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For the winter, I'm looking to get either a Turbo Trainer (like this one) or Training Rollers (like these)

What are the pros and cons of each?

I don't think I like the idea of not being able to turn the front wheel. Mind you, I do a fair bit of spinning, and it doesn't bother me there.

The rollers 'look' better, somehow more natural.

What are your experiences?

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If you turn the front wheel on a set of rollers, you're going down in a heap. However, when you can get to the point where you are doing one legged drills no handed on rollers, you've arrived. –  JohnP Oct 21 '12 at 17:22
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2 Answers 2

Stand trainers

Pros

  • no concerns of falling over/slipping off, especially for certain types of training, e.g. one-legged drills
  • better for interval/spike training, where transitions in speed are not smooth
  • more options for variable/controllable resistance

Cons

  • less natural riding style because of bike's fixed position
  • may develop pedal stroke imbalances (or allow them to go undetected)
  • requires special mounting skewer (most brands)
  • can cause significant tire wear

Rollers

Pros

  • more natural style; bike responds more like actual riding
  • can help develop smoother pedal stroke and better form

Cons

  • easy to fall off and cause damage (to body, bike, and surrounding objects)
  • fewer options for variable/controllable resistance (only a few makes/models offer this and they're expensive compared to options for stand trainers)

Many folks I know have both a stand trainer and rollers and focus their training using the relative strengths of each type, i.e. stand trainer for "power" workouts, and rollers for "form" training.

As to your specific concern about natural movement: there is at least one stand-type trainer that is somewhat more natural than a fixed stand. It is considerably more expensive and occupies a lot more space than a normal stand trainer, though.

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This is a good list, so I'll just add to it: a con of a trainer is the tire wear. IME, rollers wear tires a lot more naturally (and slowly) than trainers do. I also think that trainers produce a lot more vibration than rollers do, so if you happen to be someone's upstairs neighbor keep that in mind. –  Smashd Oct 23 '12 at 1:10
    
Thanks, I edited and added that. I did not add about vibration; if anything that's a con of both, though it depends quite a bit on the specific brand, and where you put it. A simple foam mat can mitigate all but the worst offenders. –  djangodude Oct 23 '12 at 2:32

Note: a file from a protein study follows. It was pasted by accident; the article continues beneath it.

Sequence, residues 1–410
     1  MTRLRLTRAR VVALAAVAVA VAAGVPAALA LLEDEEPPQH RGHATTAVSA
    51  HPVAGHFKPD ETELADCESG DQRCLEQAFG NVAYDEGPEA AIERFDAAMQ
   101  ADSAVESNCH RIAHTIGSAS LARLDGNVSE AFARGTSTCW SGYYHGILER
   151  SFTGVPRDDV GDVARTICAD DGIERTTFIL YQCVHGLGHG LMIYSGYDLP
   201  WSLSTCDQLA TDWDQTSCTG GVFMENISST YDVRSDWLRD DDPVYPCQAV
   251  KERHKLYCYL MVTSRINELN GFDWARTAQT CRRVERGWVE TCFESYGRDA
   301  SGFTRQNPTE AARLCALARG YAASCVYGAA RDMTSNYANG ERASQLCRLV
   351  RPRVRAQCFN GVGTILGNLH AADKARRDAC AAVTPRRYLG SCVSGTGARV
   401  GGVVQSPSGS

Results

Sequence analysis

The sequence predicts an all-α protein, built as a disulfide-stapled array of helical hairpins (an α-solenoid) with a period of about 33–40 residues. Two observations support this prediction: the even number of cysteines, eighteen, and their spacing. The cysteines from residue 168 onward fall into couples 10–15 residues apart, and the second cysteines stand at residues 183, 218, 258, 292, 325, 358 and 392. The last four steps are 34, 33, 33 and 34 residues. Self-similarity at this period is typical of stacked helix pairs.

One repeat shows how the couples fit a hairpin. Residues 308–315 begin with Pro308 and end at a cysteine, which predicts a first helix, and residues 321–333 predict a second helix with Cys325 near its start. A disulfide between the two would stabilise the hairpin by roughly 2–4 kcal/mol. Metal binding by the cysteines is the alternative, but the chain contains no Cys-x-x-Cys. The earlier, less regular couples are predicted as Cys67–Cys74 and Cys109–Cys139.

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I'm afraid this is not going to be a complete answer, but it is a sort of answer, so I won't put it as just a comment (and after all, you asked for experiences).

I have never used the Turbo type, but have built myself a roller, actually a very questionable one, but it worked fine the winter I actually used it.

Regarding falling off, it never, NEVER was a real problem after the first ten minutes of getting used to it. I could spin as fast as 180 RPM (peak), and accelerate quite hard, without an issue. The "secret" is to have a proper distance between the rear rollers, so the rear wheel can "sink" a bit between them and stabilize the bike, and also to have the front roller in a neutral position so that it doesn't push the bike forewards/rearwards. This also makes it harder to roll, so if one wants to train "round stroke" the distance can be reduced, making the roller faster and more unforgiving. It's nice, and if you fall off, it's not at ACTUAL 30 mph...

Regarding adjustment of "hardness", for all my practical, self-determined purposes, the very own gear-shifting of the bike did it all. At the time, I rode mountainbike, and even knobby tires can work depending on specific tire thread and roller diameter.

I always trained regular riding style, playing with cadence/gear combinations. Half an hour was enough to wash the floor in sweat, but I suspect a better quality (not home made) roller would be more comfortable to ride longer. The effect upon my riding was very noticeable, specially the increased ability to spin fast at relatively high speeds ("Armstrong-style") for longer times, which can be an advantage over other riders.

I don't like, also, the idea of having the bike fixed, this seems like taking away what makes riding fun (balancing), and for orthodox training purposes, I believe it fulfills the needs of most riders.

Hope this helps!

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